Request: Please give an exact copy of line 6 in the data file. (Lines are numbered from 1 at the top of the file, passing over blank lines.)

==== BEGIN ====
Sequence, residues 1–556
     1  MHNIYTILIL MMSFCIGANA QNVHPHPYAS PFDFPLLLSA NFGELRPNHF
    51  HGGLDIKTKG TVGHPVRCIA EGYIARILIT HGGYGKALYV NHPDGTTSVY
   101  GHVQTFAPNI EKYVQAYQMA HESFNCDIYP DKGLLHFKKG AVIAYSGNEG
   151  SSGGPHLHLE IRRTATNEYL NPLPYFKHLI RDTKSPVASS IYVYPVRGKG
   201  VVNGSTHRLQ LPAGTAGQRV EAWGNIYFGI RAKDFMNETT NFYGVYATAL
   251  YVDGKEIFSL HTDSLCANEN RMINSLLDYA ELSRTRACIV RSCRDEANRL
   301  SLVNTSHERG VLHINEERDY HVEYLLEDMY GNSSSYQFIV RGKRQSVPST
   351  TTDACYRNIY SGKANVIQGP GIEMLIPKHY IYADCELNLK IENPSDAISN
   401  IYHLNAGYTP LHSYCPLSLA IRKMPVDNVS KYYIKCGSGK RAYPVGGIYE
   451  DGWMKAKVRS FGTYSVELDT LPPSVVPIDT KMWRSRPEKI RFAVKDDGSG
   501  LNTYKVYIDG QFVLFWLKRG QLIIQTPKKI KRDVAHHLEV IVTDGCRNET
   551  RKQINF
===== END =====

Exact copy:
   201  VVNGSTHRLQ LPAGTAGQRV EAWGNIYFGI RAKDFMNETT NFYGVYATAL